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reader will have the whole in his poffeffion, he may perfue either the grave or the gay with very little trouble, and without losing any pleasure or intelligence which he would bave gained from a different arrangement.

Among the mifcellanies is the history of John Bull, a political allegory, which is now farther opened by a short narrative of the facts upon which it is founded, whether fuppofititious or true, at the foot of the page.

The notes which have been published with former editions have for the most part. been retained, because they were fuppofed to have been written, if not by the Dean, yet by fome friend who knew his particular view in the paffage they were intended to illuftrate, or the truth of the fact which they afferted; however, this has fince appeared not always to have been the cafe; for there is not the least reafon to believe that Stella was related to Sir William Temple, or that he was vifited by King William at Moor Park, although both these facts are afferted, one in a note on the letter to Lord Palmerston, Vol. XII. p. 200, the other in a note on a letter to Dr. Sheridan, Vol. XII. p. 227.


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The notes which have been added to this edition contain, among other things, an hiftory of the author's works, which would bave made a confiderable part of bis life; but as the occafion on which particular pieces were written, and the events which they produced, could not be related in a feries, without frequent references and quotations, it was thought more eligible to put them together; in the text innumerable paffages have been reftored, which were evidently corrupt in every other edition, whether printed in England or Ireland.

Among the notes will be found fome remarks on thofe of another writer, for which no apology can be thought necessary, if it be confidered that the fame act is justice if the fubject is a criminal, which would have been murder if executed on the innocent.

Lord Orrery has been fo far from acting upon the principle on which Mr. Pope framed this petition in his univerfal prayer,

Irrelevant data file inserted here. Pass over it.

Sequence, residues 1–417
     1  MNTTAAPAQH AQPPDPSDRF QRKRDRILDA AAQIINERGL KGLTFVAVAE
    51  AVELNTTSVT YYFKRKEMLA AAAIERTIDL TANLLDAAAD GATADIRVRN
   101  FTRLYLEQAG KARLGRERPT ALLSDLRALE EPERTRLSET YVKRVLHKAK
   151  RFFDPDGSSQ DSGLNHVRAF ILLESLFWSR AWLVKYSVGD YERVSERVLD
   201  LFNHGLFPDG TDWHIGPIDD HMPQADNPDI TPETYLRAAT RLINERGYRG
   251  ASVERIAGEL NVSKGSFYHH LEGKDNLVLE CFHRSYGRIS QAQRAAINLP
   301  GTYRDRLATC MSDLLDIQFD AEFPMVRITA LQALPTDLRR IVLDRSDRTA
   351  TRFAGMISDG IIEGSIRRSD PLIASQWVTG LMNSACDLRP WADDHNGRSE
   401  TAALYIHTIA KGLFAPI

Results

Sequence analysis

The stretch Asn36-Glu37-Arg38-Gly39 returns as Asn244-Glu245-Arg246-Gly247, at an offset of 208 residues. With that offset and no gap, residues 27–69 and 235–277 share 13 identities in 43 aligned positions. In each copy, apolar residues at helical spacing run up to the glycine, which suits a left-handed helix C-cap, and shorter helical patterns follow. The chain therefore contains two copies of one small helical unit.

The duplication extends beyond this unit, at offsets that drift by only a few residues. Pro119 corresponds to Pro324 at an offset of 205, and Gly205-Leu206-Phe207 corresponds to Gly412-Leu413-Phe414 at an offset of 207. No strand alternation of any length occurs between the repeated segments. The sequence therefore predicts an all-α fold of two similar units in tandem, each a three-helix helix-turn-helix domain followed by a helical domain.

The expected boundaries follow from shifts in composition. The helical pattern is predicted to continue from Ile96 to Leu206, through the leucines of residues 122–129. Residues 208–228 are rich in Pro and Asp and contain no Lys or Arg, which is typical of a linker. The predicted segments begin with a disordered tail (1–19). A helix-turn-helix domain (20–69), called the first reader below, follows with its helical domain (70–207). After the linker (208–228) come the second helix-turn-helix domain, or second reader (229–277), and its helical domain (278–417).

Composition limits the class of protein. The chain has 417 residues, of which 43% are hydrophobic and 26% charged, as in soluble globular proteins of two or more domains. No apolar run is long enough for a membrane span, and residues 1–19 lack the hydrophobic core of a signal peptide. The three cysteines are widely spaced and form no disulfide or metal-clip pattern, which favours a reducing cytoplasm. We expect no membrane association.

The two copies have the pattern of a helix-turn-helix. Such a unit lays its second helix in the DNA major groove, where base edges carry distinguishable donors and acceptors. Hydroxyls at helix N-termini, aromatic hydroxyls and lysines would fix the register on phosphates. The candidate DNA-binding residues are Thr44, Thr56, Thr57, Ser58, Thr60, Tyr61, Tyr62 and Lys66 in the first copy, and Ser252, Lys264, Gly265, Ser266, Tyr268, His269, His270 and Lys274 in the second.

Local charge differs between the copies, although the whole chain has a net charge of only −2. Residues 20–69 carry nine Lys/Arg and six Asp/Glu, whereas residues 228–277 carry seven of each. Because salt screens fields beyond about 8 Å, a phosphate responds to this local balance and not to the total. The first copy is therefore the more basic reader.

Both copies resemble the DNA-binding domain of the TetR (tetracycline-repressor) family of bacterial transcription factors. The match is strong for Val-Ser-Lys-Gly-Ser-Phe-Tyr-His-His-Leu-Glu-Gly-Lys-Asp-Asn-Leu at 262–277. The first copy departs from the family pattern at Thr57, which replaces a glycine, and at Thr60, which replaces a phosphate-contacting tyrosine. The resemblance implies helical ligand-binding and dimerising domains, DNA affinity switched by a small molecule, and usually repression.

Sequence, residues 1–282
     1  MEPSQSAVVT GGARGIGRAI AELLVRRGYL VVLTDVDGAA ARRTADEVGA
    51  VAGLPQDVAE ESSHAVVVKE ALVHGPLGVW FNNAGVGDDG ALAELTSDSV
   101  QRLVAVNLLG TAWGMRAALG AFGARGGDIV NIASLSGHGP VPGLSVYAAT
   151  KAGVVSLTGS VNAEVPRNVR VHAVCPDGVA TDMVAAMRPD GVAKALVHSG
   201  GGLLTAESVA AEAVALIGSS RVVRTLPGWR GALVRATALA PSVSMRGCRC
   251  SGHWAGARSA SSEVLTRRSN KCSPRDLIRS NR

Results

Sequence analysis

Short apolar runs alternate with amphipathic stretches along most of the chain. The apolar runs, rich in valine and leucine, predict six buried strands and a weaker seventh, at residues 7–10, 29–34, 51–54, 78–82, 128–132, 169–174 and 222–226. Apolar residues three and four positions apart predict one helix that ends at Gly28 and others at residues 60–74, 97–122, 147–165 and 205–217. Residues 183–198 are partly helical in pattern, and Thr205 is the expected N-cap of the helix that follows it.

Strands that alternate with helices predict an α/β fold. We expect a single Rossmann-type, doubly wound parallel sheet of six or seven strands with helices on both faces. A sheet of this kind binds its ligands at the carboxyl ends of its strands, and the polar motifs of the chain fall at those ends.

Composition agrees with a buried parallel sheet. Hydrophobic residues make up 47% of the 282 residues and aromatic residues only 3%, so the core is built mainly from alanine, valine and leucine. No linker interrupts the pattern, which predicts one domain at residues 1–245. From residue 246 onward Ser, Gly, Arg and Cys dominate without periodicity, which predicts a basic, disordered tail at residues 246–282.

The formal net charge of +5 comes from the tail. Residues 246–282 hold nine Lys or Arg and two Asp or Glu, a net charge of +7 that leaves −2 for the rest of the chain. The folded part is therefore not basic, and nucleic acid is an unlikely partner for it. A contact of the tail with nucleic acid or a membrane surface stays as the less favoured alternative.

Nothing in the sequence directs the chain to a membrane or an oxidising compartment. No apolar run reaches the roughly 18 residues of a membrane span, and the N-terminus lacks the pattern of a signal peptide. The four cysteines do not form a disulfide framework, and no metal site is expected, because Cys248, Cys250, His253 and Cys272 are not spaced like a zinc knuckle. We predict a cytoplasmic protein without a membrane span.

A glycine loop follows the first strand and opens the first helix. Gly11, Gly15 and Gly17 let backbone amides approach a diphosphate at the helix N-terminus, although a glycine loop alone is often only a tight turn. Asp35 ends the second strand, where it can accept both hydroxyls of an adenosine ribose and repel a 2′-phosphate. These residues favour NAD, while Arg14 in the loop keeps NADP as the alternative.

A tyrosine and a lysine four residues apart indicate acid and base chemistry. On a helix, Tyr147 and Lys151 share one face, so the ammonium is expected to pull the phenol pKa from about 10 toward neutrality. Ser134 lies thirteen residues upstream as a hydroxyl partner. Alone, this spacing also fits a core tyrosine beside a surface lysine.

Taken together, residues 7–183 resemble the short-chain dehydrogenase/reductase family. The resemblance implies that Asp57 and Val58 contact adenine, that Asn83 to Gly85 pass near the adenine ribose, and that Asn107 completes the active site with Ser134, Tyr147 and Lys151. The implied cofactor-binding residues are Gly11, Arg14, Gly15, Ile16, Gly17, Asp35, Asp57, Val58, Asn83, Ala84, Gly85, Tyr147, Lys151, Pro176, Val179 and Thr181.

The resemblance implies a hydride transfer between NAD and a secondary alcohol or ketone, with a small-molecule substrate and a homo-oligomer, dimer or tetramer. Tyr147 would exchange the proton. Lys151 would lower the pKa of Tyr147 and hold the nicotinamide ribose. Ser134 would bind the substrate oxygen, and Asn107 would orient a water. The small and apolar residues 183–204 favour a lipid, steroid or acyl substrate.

Teach me
To hide the faults I fee.

That where he has not found the appearance of a fault, he has laboured hard to make


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one, an inftance of which will be found in his remark upon a maxim of Cadenus to Vaneffa:

That Virtue pleas'd by being shown,
Knows nothing which it dares not own.

He taught her, fays his lordship, that vice as foon as it defied fhame, was immediately changed into virtue; but the most obvious and natural meaning is juft contrary. That we defire to conceal no act which upon reflection we do not difcover to be vicious, becaufe virtue is pleafed in proportion as it is difplayed; and indeed these verses could not be fuppofed an apology for lewdness, if his lordship believed his own affertion, that the dean was, "Not to be fwayed by de

"liberate evil."

Lord Orrery has also fuppofed the dean himself to have been the editor of at least fix volumes of the Irish edition of his works, but the contrary will inconteftably appear upon a comparison of that edition with this, as well by thofe paffages, which were altered under colour of correction, as by thofe in which accidental imperfections were fuffered to remain. Of these paffages the following

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lowing are felected from Gulliver's Travels, because the correction of this part of the work, efpecially with respect to dates and numbers, is boafted in an advertisement prefixed, and because being divided into chapters, the places referred to will be more easily found,

In the following fentence, they have, is fubftituted for he hath:

"Whoever makes ill returns to his benefactor, must needs be a common enemy to the rest of mankind, from whom THEY HAVE received no obligations." Voyage to Lilliput, Chap. VI. The children of the Lilliputians are faid to be apprenticed at leven years of age inftead of cleven, which is evidently wrong, as the author fuppofes the age of fifteen with them, to answer that of one and twenty with us, a proportion which will be nearly kept by fuppofing them to be apprenticed at eleven, and to ferve five years. Ibid.


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Gulliver fays, that he arrived in the Downs from Lilliput, on the 13th of April, 1702, and that he took shipping again on the 20th of June following, two


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months after his return; but in the Irish edition, though the fame dates are preferved, we are told, that ten months after bis return he took shipping, &c. Compare the last chapter of Part I, with the first chapter of Part II.

In the following fentence, bring is subfituted for carry:

"A gentleman-ufher came from court commanding my master to BRING me thither; but as thither fignifies to that place, to bring thither is falfe English.

Voyage to Brobdingnag, Chap. III. By putting the word born for both, Gulliver is reprefented as fhewing how the British nobility are qualified to be born councellors to the king and kingdom; or in other words, defcribing a part of their education antecedent to their birth. And though it is true that the English nobility are councellors to the king and kingdom by right of birth, yet it is not true that they Ibid. Chap. VI. are born councellors.

It appears by many passages, that the ftature of the Brobdingnagians was to that of Gulliver, nearly as ten to one, -and this proportion is kept in other things;


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